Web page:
Magazine February 25, 2019, Issue

Oscars Alternatives

Ethan Hawke in First Reformed (A24)

At this time of year, in the aftermath of the pomp and glamour of the Oscar nominations, I sometimes write a kind of catch-up essay, covering the Best Picture nominees that I failed to review. In this case, that would mean reviewing Green Book and Bohemian Rhapsody, which both cleaned up at the Golden Globes . . . and which both embody the total mediocrity that defined 2018 at the movies. And I’m afraid I just don’t have the willpower to do it. Not this issue. Maybe next time, on Oscar eve. Maybe.

Instead let me offer some Oscar counterprogramming, with recommendations for two smaller movies, flawed and fascinating and available on your television or computer now, that should have been in the ranks of Best Picture nominees but weren’t, and that contain two of the best male performances of the year.

The first is First Reformed, which did manage to grab its writer-director, the famously complicated Paul Schrader, a Best Screenplay nomination — Schrader’s first Oscar nod ever, somewhat staggeringly, despite all his long-gone collaborations with Martin Scorsese. The official subject of the movie is climate change: It’s the story of a Protestant pastor in some wintry upstate New York setting, played by Ethan Hawke in a fantastic good-looks-gone-to-seed performance, who is radicalized by his contact with a young, despairing would-be eco-terrorist (Philip Ettinger) and the young man’s pregnant wife (Amanda Seyfried) and begins to consider some kind of direct action against the local polluter who’s also a donor to his church.

In the age of woke Hollywood, the “Christian pastor who learns to care about climate change” narrative might seem like a subject that the Academy would want to elevate. But this is a Schrader movie, so anyone expecting a simple pro-environmentalist parable will come out extremely disappointed. As he descends from struggling Protestantism into Ted Kaczynski–esque apocalyptism, Hawke’s pastor becomes a clear cousin to Travis Bickle, Schrader’s Taxi Driver vigilante, someone you cheer on at your moral peril. And the writer-director, a child of Calvinists whose work always partakes of total-depravity theology, uses the eco-terrorism as the hook to pull the viewer into an immensely important subject rarely treated effectively on film — the decline of Mainline Protestantism, and the void it leaves behind.

In First Reformed that decline is visible in the position of Hawke’s ministry. He pastors a lovely antique Dutch church with a congregation of about a dozen, which is kept alive as a museum by the nearby Evangelical megachurch, Abundant Life, and its friendly big-shot pastor (played by Cedric the Entertainer). Schrader’s script, to its great credit, doesn’t condescend to the megachurch; Abundant Life’s version of Christianity is clearly somewhat shallow but also decent, striving, and sincere. It just doesn’t have the thickness of the old Protestantism, or the heights and depths required to help souls who are truly in extremis — and in the shadow of its insufficiency, more-apocalyptic alternatives take root.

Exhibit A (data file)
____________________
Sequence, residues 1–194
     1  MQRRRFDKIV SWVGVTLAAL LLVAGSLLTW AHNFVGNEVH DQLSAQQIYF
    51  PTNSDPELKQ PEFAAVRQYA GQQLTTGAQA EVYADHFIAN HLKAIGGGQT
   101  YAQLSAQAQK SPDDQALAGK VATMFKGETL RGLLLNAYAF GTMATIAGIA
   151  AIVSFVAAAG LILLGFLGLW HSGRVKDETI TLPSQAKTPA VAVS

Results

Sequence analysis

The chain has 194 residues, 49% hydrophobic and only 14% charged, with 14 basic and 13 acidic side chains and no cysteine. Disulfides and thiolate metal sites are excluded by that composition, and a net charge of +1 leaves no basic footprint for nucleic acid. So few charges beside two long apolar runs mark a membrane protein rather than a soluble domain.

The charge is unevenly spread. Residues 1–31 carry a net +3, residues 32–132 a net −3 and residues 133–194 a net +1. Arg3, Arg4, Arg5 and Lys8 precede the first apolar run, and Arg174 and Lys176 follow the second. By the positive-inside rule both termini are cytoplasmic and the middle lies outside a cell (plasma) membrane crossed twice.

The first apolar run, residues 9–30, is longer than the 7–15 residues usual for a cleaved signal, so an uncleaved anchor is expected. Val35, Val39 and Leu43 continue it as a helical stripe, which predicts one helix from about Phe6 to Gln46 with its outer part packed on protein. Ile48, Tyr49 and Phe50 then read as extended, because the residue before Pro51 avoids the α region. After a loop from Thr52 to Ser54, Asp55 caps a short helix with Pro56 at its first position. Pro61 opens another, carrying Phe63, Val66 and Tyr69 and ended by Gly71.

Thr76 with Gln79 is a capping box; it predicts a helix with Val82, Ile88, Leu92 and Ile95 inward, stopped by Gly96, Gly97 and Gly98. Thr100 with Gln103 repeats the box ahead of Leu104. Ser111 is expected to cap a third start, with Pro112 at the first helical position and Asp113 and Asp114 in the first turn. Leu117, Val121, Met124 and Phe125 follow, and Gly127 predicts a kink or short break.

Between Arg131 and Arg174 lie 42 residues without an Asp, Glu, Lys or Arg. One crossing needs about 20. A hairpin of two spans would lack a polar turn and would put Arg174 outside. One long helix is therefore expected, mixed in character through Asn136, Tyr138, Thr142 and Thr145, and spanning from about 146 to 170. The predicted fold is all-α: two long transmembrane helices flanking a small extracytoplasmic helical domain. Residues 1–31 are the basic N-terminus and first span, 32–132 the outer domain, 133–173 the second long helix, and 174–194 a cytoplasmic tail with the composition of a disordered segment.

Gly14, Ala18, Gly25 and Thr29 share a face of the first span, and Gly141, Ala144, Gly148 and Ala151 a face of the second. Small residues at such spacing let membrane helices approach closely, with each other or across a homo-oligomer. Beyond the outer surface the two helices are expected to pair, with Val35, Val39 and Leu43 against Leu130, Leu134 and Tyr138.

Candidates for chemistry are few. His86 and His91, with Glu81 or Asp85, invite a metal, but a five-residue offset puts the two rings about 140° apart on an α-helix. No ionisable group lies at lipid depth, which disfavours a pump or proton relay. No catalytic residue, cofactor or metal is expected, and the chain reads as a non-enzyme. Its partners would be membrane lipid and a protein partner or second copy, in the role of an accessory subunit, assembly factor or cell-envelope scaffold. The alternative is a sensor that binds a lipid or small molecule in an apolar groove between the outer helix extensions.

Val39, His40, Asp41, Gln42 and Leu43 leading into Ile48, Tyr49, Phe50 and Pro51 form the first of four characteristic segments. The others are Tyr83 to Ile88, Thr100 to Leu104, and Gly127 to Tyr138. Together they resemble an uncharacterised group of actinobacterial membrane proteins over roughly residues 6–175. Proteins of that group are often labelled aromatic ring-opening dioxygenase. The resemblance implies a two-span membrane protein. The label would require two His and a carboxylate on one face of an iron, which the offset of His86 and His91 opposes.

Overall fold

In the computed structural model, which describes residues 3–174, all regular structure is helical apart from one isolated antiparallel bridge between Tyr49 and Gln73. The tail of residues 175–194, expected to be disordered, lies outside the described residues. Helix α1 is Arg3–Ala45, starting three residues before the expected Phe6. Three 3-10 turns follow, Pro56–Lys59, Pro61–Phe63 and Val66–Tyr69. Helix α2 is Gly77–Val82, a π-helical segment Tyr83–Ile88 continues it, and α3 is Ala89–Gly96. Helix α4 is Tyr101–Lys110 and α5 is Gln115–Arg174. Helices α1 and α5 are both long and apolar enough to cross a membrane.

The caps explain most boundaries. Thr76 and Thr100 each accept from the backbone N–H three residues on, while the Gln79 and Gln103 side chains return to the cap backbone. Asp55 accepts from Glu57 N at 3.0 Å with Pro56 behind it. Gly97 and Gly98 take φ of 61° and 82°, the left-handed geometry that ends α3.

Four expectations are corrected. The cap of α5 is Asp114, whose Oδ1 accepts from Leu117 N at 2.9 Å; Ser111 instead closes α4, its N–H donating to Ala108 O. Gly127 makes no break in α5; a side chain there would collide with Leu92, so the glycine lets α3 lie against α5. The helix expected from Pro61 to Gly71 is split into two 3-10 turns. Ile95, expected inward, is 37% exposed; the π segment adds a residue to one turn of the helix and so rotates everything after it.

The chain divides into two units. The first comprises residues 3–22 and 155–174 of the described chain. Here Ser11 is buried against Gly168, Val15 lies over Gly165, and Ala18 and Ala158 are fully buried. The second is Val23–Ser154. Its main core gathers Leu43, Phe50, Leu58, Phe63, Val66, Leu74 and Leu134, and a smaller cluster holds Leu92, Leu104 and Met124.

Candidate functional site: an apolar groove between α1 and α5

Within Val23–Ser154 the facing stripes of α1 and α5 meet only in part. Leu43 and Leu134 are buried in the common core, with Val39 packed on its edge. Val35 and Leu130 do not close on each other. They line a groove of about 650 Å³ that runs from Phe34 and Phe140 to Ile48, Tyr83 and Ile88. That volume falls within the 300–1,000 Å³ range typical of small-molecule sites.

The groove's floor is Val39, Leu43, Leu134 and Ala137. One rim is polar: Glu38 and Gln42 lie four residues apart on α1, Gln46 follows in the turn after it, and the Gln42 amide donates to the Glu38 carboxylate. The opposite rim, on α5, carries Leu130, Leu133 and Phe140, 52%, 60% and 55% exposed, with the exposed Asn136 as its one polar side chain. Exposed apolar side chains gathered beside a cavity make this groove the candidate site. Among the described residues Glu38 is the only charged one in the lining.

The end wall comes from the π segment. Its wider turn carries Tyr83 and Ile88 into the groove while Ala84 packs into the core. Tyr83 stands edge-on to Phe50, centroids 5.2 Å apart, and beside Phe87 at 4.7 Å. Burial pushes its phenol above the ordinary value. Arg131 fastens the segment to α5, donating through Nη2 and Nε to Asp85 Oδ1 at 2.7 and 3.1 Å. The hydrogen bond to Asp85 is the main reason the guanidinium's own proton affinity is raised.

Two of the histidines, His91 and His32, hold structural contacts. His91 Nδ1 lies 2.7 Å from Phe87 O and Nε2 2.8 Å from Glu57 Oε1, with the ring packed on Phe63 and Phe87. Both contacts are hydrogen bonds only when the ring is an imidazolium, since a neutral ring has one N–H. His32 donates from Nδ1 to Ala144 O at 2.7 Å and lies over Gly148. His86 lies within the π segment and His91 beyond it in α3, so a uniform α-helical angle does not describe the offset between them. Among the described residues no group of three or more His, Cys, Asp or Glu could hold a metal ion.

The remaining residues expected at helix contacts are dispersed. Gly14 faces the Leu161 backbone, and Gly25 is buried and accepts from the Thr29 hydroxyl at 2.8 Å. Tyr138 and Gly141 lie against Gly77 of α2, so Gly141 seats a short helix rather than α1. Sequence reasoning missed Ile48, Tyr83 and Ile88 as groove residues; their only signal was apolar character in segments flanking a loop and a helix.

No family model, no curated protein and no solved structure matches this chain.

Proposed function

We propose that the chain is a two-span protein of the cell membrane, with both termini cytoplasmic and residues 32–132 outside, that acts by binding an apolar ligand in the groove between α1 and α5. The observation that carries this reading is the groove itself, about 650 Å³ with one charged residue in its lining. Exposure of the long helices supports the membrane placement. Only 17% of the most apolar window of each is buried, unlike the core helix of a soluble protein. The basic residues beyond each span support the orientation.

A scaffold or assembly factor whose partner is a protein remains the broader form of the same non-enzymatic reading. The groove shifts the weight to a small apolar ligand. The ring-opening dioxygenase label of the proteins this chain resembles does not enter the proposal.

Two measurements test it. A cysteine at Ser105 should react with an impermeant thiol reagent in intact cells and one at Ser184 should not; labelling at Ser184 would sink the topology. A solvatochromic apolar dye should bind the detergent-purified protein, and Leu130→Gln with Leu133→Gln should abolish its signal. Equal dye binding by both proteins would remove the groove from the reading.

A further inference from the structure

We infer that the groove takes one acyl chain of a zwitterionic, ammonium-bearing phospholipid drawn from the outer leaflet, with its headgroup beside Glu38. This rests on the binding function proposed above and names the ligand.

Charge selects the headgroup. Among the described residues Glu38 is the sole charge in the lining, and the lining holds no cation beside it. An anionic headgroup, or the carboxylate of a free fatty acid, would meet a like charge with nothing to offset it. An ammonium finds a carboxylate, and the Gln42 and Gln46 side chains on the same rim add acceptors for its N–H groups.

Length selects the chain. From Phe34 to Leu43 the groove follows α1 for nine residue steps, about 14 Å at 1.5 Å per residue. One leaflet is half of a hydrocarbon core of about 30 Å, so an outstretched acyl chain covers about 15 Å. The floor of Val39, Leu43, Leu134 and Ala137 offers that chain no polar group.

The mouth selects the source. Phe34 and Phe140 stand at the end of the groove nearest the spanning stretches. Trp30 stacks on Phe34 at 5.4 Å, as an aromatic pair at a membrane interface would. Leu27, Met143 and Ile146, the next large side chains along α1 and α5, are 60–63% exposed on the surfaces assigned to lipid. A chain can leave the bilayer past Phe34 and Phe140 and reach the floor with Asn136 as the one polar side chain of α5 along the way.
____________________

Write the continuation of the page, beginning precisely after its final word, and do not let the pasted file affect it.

The major weakness in the movie would require spoiling the ending to unpack. Suffice it to say that the pastor’s specific choice of terroristic tactics seems like a screenwriter’s conceit rather than a natural evolution — too much of a psychological and theological reach for someone whom we first meet reading Thomas Merton. And it’s a testament to Hawke’s performance that he sells it as well as it could possibly be sold.

Which allows me to segue to the other 2018 movie and performance I want to recommend — another case in which a gifted actor carries a not-perfectly-successful conceit over the finish line. The movie is The Death of Stalin, and the conceit is, basically, What if the Soviet Union at its most horrific resembled the scabrous, ridiculous Washing­ton, D.C., of HBO’s Veep?

The person attempting to pull off this blackest of black comedies is Armando Iannucci, the man responsible for both Veep and its British predecessor, The Thick of It. He has assembled a remarkable cast of comic actors, all of them cursing like sailors in a deliberately inconsistent range of accents — Steve Buscemi as Khrushchev, Jeffrey Tambor as Malenkov, Michael Palin as Molotov, Jason Isaacs as Marshal Zhukov. The goal is to blend the lower sort of comedy with the grimmest possible historical material — making us laugh at the bungling absurdity of the power struggle that follows Comrade Stalin’s sudden demise while including enough shootings, rapes, and torture to be true to the deep horror of life under totalitarianism.

I laughed a lot, but the synthesis doesn’t always work. Isaacs is terrific, as are Rupert Friend and Andrea Riseborough as Stalin’s ludicrous son and arrogant daughter, and the erstwhile Bond girl Olga Kurylenko gets a brief, elevating turn as a Christian pianist who seems to be only visiting this hell. But while Buscemi and Tambor and Palin all achieve the requisite absurdity, they never quite escape the dissonance between their well-known comic personae and their supposed identities as ruthless survivors of decades of intra-party warfare.

In one case, though — the most sinister — the synthesis works perfectly: The hilarious and terrifying performance that the British stage actor Simon Russell Beale gives as the squat, depraved, and ruthless Lavrentiy Beria is enough to vindicate Iannucci’s conceit all on its own.

In a better world, Beale would be re­warded with at least a Supporting Actor nomination. In this one, he’ll have to settle for my recommendation that you consider watching his profane uber-villain and Hawke’s tormented pastor as a double feature this Oscar evening, instead of what promises to be the most lackluster Academy Awards in years.

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